Eliyahu Ben-Shaul Cohen was an Israeli spy. He is best known for his espionage work in Syria, where he developed close relationships with the Syrian political and military hierarchy.
Cohen was born in 1924 in Alexandria, Egypt to a devout Jewish and Zionist family. His father had moved there from Aleppo in 1914. He studied at Cairo Farouk University.
The Mossad recruited Cohen after Director-General Meir Amit, looking for a special agent to infiltrate the Syrian government, came across his name while looking through the agency's files of rejected candidates, after none of the current candidates seemed suitable for the job. For two weeks Cohen was put under surveillance, and was judged suitable for recruitment and training.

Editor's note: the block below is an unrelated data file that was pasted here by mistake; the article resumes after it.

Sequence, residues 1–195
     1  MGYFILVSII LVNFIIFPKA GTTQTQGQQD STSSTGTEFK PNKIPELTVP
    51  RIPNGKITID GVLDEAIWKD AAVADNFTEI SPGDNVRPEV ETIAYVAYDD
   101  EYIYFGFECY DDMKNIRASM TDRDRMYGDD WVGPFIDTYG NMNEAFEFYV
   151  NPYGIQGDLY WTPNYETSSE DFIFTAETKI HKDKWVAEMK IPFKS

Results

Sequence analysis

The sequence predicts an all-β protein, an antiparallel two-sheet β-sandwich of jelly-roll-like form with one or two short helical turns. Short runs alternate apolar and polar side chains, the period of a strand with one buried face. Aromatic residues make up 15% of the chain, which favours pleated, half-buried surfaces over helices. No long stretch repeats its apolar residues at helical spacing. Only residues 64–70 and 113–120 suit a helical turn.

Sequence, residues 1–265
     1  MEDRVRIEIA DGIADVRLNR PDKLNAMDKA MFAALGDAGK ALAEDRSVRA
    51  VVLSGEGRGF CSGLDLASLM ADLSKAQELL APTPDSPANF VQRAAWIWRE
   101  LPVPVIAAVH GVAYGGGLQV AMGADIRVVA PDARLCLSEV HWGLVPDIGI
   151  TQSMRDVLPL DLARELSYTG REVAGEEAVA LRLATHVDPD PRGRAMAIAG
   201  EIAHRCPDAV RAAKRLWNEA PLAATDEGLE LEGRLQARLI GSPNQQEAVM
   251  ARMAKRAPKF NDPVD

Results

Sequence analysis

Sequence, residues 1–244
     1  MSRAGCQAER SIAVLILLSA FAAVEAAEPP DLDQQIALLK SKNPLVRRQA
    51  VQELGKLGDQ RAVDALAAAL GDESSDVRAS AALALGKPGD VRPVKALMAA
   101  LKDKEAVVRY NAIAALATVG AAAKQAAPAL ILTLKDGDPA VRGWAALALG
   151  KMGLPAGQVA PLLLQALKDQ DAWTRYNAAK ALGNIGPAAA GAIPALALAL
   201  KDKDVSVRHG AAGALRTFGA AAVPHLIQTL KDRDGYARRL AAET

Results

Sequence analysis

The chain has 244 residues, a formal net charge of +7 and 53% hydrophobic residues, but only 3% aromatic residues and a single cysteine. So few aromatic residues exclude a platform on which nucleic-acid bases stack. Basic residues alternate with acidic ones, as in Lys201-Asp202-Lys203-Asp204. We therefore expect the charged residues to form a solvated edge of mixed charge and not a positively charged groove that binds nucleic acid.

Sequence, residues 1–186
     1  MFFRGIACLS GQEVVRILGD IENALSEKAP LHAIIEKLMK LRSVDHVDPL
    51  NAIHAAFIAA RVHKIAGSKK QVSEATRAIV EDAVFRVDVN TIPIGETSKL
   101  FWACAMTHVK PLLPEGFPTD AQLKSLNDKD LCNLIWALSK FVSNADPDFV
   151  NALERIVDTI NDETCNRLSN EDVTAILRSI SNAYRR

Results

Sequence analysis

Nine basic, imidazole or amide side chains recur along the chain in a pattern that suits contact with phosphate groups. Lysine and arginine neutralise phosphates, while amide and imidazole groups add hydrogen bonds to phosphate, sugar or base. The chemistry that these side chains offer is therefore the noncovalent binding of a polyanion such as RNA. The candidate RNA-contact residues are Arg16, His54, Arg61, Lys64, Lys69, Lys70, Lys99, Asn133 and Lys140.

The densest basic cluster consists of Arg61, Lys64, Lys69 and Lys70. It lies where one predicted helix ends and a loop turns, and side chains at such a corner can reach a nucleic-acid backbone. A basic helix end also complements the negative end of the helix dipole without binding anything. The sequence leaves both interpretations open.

Cohen was then informed that the Mossad had decided to recruit him and underwent an intensive six-month course at the Mossad training school. His graduate report stated that he had all the qualities needed to become a katsa, or field agent.
He was then given a false identity as a Syrian businessman who was returning to the country after living in Argentina. To establish his cover, Cohen moved to Buenos Aires in 1961. In Buenos Aires he moved among the Arab community, letting it be known he had large amounts of money to put at the disposal of the Syrian Ba'ath Party. At this time the Ba'ath Party was illegal in Syria but the party seized power in 1963.
He is best known for his espionage work in 1961–1965 in Syria, where he developed close relationships with the Syrian political and military hierarchy, and became the chief adviser to the Minister of Defense.
Syrian counterintelligence eventually uncovered the spy conspiracy and convicted Cohen under pre-war martial law, sentencing him to death and hanging him publicly in 1965.